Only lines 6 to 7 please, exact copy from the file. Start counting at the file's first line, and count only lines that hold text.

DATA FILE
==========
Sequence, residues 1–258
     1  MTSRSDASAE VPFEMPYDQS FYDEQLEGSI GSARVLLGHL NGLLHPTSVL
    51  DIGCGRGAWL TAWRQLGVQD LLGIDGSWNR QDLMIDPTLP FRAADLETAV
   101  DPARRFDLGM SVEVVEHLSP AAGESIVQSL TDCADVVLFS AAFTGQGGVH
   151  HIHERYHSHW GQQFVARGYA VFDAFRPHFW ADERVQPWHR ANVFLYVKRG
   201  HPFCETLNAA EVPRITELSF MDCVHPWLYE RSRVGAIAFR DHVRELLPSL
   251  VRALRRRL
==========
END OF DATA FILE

   201  HPFCETLNAA EVPRITELSF MDCVHPWLYE RSRVGAIAFR DHVRELLPSL
   251  VRALRRRL